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  • Planning to work in retirement? There’s something you need to know

    older worker

    Many workers plan to continue working in their retirement years. A 2015 poll by the Transamerica Center for Retirement Studies that two-thirds of workers age 50 or over plan to work beyond age 65 or don’t even plan to retire at all. But is working beyond retirement age a realistic plan? The numbers suggest maybe not.

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  • 5 ways loneliness and social isolation can kill you


    Loneliness and social isolation are common among seniors. As people get older, they’re more likely to live alone and have little social contact. Additionally, more older adults than before do not have children, which means no descendants to visit and provide company. But this social isolation can have severe negative effects on physical and emotional health and longevity.

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  • 3 signs you’re not ready to retire


    When thinking about preparing for retirement, many people focus exclusively on the financial aspects – making sure they’ll have enough to live on and meet their expenses. But it’s important to realize that retirement is also a major life transition, and to make it successfully requires psychological as well as financial preparation. Here are three signs you may not be mentally ready for retirement.

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  • 5 lessons learned from actual retirees


    Experience is the mother of knowledge, the saying goes. In that case, a great way to learn about retirement should be to talk with those who have already retired. Recently, New York Life surveyed 500 retired octogenarians about what they had found. The results hold interesting lessons for all of us.

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  • 5 ways to handle a surprise retirement


    Retirement often catches you by surprise. The majority of workers retire years earlier than they planned, surveys show. Health issues, caring for family members, and corporate restructuring are the top reasons that people end up leaving the workforce before they expected. Retirement can induce nervousness and stress even when you’ve planned for it. When it’s thrust upon you, it can leave you fearful, anxious, and possibly depressed. Early retirement isn’t a picnic, but with a few prudent measures it can be managed successfully. Here are some suggestions.

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  • Key to a fulfilling retirement

    senior man

    Do you want to have a satisfying and fulfilling retirement? Certainly, good health and enough money are crucial to making this happen. But equally important is what you do with yourself in retirement. A new report by Merrill Lynch shows that donating time and money in one’s later years is a major key to retirement happiness.

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  • Retirement planning with no children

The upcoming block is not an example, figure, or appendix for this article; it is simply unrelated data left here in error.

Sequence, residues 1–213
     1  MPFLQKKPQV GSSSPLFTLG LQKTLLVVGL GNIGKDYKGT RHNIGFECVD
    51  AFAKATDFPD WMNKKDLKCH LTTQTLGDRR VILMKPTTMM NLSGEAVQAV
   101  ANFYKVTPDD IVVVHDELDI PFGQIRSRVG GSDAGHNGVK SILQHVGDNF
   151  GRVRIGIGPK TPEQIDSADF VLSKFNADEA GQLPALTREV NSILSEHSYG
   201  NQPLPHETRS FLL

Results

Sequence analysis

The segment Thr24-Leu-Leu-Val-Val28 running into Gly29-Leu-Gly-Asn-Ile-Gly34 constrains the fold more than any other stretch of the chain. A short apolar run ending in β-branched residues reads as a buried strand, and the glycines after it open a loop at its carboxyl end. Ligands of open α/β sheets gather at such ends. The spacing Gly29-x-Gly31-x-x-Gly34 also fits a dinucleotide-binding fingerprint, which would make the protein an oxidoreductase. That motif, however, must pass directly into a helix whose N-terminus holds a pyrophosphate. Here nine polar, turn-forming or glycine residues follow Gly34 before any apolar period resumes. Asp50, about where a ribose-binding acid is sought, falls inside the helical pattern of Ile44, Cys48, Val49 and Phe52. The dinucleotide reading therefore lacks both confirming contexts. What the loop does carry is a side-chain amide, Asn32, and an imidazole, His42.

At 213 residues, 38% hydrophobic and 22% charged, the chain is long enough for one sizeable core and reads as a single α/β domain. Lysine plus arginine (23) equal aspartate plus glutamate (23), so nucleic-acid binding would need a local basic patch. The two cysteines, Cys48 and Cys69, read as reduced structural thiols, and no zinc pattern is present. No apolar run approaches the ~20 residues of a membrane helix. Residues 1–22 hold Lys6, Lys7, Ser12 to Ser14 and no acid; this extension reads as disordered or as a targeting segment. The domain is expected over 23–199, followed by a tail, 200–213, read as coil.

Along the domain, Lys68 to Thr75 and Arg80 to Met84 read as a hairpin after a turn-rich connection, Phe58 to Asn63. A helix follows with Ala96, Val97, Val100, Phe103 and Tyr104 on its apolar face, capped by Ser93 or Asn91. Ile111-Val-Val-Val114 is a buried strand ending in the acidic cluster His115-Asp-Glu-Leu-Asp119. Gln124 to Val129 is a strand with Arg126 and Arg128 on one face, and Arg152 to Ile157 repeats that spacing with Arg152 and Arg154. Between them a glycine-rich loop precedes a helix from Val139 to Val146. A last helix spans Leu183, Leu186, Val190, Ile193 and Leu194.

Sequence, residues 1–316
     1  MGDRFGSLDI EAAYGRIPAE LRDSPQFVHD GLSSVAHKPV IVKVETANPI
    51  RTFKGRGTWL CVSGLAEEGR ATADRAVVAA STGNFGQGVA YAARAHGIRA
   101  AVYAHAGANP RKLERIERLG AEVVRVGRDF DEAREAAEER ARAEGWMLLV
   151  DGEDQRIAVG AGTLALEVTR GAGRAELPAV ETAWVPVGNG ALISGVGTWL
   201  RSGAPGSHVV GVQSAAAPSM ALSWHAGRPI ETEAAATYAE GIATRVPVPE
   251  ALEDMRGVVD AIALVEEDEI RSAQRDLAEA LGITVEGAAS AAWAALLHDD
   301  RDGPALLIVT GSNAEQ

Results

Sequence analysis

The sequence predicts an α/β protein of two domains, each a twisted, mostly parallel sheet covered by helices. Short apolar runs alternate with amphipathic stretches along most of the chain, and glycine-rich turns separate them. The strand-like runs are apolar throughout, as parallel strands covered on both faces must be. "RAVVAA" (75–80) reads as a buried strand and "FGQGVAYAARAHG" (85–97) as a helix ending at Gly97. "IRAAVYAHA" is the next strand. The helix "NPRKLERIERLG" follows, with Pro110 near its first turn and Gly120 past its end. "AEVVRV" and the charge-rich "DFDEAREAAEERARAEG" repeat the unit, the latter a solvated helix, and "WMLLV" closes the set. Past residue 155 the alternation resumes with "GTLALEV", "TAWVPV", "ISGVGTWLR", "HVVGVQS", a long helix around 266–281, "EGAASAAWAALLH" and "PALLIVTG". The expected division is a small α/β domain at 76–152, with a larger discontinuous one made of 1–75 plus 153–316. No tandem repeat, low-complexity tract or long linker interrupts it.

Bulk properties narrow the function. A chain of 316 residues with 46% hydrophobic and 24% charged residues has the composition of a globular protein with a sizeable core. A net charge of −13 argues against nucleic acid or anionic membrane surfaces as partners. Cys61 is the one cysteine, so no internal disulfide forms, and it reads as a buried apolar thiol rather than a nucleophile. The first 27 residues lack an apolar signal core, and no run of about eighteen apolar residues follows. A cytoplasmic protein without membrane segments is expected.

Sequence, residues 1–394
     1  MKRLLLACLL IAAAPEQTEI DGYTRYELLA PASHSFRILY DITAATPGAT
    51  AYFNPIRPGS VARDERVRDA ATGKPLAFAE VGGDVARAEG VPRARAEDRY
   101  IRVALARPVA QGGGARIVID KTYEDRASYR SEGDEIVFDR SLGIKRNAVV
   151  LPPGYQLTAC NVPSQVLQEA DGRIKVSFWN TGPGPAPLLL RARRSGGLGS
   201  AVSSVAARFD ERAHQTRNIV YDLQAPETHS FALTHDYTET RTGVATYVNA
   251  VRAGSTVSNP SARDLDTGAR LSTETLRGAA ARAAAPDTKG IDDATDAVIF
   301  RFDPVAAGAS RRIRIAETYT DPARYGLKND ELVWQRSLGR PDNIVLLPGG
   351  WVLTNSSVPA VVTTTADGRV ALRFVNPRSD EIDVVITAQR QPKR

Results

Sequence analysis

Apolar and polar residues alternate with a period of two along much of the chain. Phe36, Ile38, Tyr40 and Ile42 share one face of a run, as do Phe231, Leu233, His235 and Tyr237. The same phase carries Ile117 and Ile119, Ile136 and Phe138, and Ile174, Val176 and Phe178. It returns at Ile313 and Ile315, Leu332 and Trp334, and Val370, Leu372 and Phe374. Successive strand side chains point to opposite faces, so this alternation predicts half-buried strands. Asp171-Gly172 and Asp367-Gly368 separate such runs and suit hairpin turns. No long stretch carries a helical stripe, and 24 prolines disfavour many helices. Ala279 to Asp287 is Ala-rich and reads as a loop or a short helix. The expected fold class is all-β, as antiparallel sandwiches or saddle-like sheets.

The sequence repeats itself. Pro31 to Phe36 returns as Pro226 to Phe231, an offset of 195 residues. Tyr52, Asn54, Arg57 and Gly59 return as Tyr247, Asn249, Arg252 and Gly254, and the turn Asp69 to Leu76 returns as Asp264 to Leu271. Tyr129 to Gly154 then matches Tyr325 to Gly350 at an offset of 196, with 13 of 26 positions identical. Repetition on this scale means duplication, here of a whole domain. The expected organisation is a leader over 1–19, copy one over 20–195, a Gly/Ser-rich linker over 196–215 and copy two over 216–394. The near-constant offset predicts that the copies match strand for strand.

If you’re single, or a childless couple, your retirement planning is greatly simplified, right? There are no kids, so you don’t have to worry about saving for college vs. saving for retirement, leaving an inheritance, and estate taxes. Not so fast, say financial advisors and people who have looked at the numbers. Retirement planning may be more complicated for singles than it is for couples.

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  • Five retirement myths disproved by research


    Nearly half of American workers don’t link their retirement plans to how much they have saved. The majority of retirees are satisfied with their lives and find it is easier than they expected to live comfortably in retirement. These are two of the surprising findings from a large-scale survey of recent retirees and soon-to-be retirees.

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  • Six reasons not to move after retirement


    Although surveys find that a majority of people consider moving after retirement, only about 7 percent of older Americans actually move each year, according to a study by the Center for Retirement Research at Boston College. Here are six reasons why most homeowners choose to stay put.

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  • The three phases of retirement


    It’s no secret that people are living longer than ever before. That means a retirement that once lasted just a few years, could now last 20 years or more. Your savings and income must also last that long, because you certainly don’t want to outlive your money. But the experiences of retirees indicate that costs and spending change significantly during a multi-decade retirement. People’s retirement costs typically are highest for the first few years after retirement, then tend to taper down later, and finally level off or possibly increase (because of increased healthcare and assisted living costs). Here’s a closer look at the three main phases of a typical retirement.

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  • Will you be able to work longer if you want to?